If Drawing of Lines were a Hogwarts class, it would lie somewhere between Defense Against the Dark Arts and Potions. For me at least, it was somewhat mysterious, completely intimidating, and maddeningly difficult to accomplish.
If you aren’t familiar with this practice, check out this pic. It’s an old shot. But that’s ok. If you were to draw lines manually today, you’d be doing the same thing, except you might not be wearing a high collar and a tie. You can see his drawing board with a big sheet of paper or vellum on it. See those oblong shapes? They’re called ‘ducks’. They are heavy weights, flat on the bottom and covered with felt so as not to mar your working surface. There is a bent pin on the front of each duck, and their purpose is to hold in place that skinny thing you see on the drawing surface, which is called a ‘spline’. This gent’s spline is probably made of wood, today you would probably use a strip of plastic, grooved on top to accept the duck’s pin. He holds a pencil or a pen, which he uses to draw the line by holding its point against the spline. The line is drawn excruciatingly and carefully in order to keep the pencil point steady along the curved line described by the spline.
I think I can get inside this man’s head at the moment this picture was taken. He’s cradling his head in his hand, likely because a) he’s tired or b) exasperated, or both, and he’s looking at the camera with a not altogether pleasant expression. I surmise this is because he has discovered one of his lines isn’t fair, and he is coming to grips with the fact that he has to erase this line, and at least parts of three others. This is because a proper lines drawing has three views, profile (from the side), plan (looking down from above), and section view (viewed end on). If there is a mistake anywhere, that means the line won’t agree in all three views, meaning they must all be changed. And, more than likely, this change will waterfall to the adjacent lines, requiring further adjustments in order to make all ‘fair’. All of which can take many, many hours. This happened to me countless times during my studies. This is really important because these are the drawings that, once a table of offsets is produced, dictate the shape of the boat to the builders. Any mistake in the lines plans transmits directly to the real thing, and that’s bad. Yes, I’m getting in the weeds here and haven’t even mentioned anything about DORADE. I just wanted to share my pain. Onward.
One of my favorite books of all time is pictured here. It’s a compendium of lines drawings by none other than Olin Stephens himself, the man who drew DORADE. It’s a large format book so you can really lose yourself in the drawings. I would open the book frequently during the Westlawn studies to get inspiration and motivation, especially when I was ham fisting a crappy lines drawing.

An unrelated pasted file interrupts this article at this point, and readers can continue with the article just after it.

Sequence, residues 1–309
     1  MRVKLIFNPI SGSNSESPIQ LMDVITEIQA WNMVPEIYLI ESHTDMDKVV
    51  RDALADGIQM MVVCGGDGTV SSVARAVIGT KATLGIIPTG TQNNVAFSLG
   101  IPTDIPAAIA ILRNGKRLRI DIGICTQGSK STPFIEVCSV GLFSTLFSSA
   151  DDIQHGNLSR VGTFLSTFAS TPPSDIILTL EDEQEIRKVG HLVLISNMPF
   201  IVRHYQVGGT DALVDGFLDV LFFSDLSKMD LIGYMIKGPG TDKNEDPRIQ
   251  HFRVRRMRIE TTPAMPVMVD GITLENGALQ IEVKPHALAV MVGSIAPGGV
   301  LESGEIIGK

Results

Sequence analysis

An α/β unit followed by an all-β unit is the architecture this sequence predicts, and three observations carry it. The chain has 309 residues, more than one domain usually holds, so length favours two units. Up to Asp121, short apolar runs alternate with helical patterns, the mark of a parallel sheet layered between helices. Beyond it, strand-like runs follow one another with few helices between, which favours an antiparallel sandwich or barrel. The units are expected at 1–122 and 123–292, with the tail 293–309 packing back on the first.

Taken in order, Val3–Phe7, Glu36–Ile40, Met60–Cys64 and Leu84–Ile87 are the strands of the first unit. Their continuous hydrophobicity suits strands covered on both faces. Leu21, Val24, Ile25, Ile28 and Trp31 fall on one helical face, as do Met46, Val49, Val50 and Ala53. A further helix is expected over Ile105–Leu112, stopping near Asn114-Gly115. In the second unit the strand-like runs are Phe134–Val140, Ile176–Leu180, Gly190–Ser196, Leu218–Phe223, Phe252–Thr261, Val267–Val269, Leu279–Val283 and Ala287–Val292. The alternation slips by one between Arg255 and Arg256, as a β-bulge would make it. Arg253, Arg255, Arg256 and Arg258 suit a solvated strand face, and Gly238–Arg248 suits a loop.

Here’s a lo-res image of his lines drawing for DORADE. If you’re into this sort of thing like I am you can spend a great deal of time studying it. You could even take a square to it and look for any lines that don’t agree in all three views. (spoiler alert: you won’t find any) And yes, this was drawn manually with ducks and splines and a set of french curves.
It’s a work of art from a man who created so many timeless works. I marvel at these drawings because I know how talented you have to be, like I wasn’t, to draw this. It’s a stunning tour de force… So, after a time looking at these drawings I would go back to my drawing board, recharged, and try again.
So here, finally, is the point. Last month I was in Newport for a boat ride. I was walking around the waterfront with my wife and some friends. We turned a corner, and this is what we saw.
DORADE, in the flesh! I was absolutely stunned. Here she sat, still sailing, and competitively at that. Her lines were drawn in 1929. What a testament to her designer, and her builders, (and loving owners) that she is still around. And, surprising no one, she is still a stunner.
As a side note, nobody does lines drawings manually nowadays to produce a boat. It’s all done by computer. Most designers will start with manual sketches to put ideas on paper, but soon all moves to Computer Aided Design (CAD). I do think, though, that learning how to do it manually does give a very solid appreciation for how significant a set of lines drawings really is. If for no other reason than to make other students feel the pain. And speaking of which, what if DORADE were to be designed completely by CAD? What if you fed the end result you wanted – displacement, LOA, LWL, beam, draft, underbody shape, sail plan and general arrangement, etc, into a computer? Would you get DORADE? In a word, nope. But that’s a topic for another day.